Two trades in one course equals more job opportunities, says Holland College

After it was put on hold for a year, the pipefitting program is back at Holland College — but will now be combined with plumbing.

Pipefitting brought back as part of plumbing course

Holland College student Tiana Vandenberghe works on the skills she's learning in the plumbing program at the Georgetown Centre. (Randy McAndrew/CBC)

After it was put on hold for a year, the pipefitting program is back at Holland College — but will now be combined with plumbing.

Mark McQuaid, a plumbing and pipefitting instructor for Holland College Georgetown Centre, said it made sense to combine the courses because 70 or 80 per cent of the material is the same in the first year.

"What we did was just take what was missing out of both, combine it together and put it into an eight-month course," he said.

The pipefitting/steamfitting program had been put on hiatus because of low enrolment numbers and poor job prospects.

"Here in the local industry there's not as much demand as there is for central Canada and western Canada," said Paul Murnaghan, program manager for Georgetown Centre.

College officials say plumbers are more in demand on P.E.I. but pipefitters are sought after in central Canada and out west. (Randy McAndrew/CBC)

The combined course will be offered starting in September at the college's Georgetown campus.

"Some of our students are very young and they're not sure really what field they'd like to be in and this gives them the opportunity to pursue two at the same time," said Preston Dockendorff, plumbing instructor at Holland College for 16 years.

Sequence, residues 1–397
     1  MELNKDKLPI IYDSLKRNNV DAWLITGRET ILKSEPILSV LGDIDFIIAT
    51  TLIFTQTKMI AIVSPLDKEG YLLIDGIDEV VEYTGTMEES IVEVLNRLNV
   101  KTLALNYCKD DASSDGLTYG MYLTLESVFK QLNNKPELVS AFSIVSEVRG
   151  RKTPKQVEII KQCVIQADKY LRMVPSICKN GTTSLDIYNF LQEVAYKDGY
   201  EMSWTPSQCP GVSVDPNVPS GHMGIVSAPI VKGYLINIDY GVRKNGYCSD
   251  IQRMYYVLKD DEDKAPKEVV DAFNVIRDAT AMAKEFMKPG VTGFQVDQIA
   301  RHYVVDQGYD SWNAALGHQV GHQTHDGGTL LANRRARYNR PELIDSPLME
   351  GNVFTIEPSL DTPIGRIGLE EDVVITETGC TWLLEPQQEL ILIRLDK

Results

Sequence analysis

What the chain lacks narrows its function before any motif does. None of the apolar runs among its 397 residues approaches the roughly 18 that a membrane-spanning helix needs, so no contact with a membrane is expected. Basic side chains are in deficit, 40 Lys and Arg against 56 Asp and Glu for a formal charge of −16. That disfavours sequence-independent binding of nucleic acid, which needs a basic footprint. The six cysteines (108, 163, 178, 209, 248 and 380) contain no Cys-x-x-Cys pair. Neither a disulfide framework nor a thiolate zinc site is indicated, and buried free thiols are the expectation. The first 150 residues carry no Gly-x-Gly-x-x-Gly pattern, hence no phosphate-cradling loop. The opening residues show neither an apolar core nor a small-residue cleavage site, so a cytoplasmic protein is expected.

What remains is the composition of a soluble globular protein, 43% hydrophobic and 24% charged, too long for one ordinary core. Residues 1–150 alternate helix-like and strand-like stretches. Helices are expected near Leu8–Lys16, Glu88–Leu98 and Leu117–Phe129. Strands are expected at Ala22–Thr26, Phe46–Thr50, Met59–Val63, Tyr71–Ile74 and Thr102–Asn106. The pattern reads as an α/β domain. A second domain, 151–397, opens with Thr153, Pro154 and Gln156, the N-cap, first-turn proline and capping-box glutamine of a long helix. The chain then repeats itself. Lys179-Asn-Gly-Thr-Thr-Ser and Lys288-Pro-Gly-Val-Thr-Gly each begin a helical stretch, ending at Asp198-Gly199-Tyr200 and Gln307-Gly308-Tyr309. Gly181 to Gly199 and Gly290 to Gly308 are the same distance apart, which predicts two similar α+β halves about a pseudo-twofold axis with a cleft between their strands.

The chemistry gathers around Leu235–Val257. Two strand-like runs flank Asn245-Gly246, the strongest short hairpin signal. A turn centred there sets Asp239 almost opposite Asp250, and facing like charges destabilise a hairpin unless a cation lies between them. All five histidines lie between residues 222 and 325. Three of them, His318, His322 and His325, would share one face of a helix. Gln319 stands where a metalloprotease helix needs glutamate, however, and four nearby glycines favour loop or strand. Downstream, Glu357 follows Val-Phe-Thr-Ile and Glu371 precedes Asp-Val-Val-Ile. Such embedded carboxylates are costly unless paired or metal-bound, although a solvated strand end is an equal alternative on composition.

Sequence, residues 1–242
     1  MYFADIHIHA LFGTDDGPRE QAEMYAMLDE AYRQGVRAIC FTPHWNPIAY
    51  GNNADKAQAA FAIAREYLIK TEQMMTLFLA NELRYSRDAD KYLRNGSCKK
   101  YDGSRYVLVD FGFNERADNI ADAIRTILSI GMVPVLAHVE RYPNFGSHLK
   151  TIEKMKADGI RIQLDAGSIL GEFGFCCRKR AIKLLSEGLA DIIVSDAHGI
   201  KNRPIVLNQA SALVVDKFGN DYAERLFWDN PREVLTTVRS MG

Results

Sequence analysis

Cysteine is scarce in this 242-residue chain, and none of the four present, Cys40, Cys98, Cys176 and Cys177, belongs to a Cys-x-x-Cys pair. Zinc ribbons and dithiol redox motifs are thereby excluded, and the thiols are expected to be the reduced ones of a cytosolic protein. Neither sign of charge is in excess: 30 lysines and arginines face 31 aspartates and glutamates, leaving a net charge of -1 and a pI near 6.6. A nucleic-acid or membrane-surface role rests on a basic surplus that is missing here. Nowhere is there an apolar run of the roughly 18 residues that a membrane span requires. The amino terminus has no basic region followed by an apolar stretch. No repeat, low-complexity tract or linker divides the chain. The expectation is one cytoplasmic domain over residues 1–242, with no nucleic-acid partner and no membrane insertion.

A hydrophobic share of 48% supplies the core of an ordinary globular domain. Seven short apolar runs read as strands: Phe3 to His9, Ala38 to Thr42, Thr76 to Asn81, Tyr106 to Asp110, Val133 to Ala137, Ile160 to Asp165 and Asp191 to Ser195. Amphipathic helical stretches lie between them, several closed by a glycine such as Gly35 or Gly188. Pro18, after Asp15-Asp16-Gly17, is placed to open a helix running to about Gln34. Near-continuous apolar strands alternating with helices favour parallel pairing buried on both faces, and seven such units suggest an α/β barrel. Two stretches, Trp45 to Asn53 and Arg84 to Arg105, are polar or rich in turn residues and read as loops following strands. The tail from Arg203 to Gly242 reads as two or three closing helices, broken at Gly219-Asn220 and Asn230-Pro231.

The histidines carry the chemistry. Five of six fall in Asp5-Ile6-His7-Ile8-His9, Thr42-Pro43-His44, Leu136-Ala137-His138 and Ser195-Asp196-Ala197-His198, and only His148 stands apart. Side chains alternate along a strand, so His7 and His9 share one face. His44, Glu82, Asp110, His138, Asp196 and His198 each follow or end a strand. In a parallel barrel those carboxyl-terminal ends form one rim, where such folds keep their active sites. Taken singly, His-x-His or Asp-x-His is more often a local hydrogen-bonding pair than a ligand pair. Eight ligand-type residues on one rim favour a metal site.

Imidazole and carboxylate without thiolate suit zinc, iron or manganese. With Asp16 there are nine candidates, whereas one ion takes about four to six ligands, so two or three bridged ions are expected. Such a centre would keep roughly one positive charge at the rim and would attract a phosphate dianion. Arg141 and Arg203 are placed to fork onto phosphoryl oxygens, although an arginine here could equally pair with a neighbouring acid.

It gives them more opportunity for work, that's what it's all about, right?— Mark McQuaid

"They're very closely related — pipe is pipe, right?"

McQuaid is a Red Seal in both plumbing and pipefitting and understands the benefits.

"That has helped me tremendously in job opportunities, I can work as a plumber or as a pipefitter," he said.

The college has set a target of 24 students for the combined program.

"It gives them more opportunity for work, that's what it's all about, right?" McQuaid said.

"You want to take a course, you want to be able to get employment when it's over and that's what we are offering is two trades in one."

Instructor Mark McQuaid, a Red Seal in both plumbing and pipefitting, says the new course will improve job prospects for students. (Randy McAndrew/CBC)

Student Giacomo Mandarano from Toronto is excited about the new combination.

"I think it's fantastic, it gives us greater opportunities," he said.

"Just to broaden my horizons, get greater knowledge and keep my options open just in case plumbing doesn't work out."

After their first eight months in the program, students will choose plumbing or pipefitting and start getting apprenticeship hours in their chosen field before returning to the college for two more blocks of training. 

They can eventually write a Red Seal exam. There is also the option of getting a second Red Seal later in the other field.

"The students around here now are under the old program so some of them are a little jealous," Dockendorff said.

About the Author

Nancy Russell

Nancy Russell has been a reporter with CBC since 1987, in Whitehorse, Winnipeg, Toronto and Charlottetown. When not on the job, she spends her time on the water rowing, travelling to Kenya or walking her dog. Nancy.Russell@cbc.ca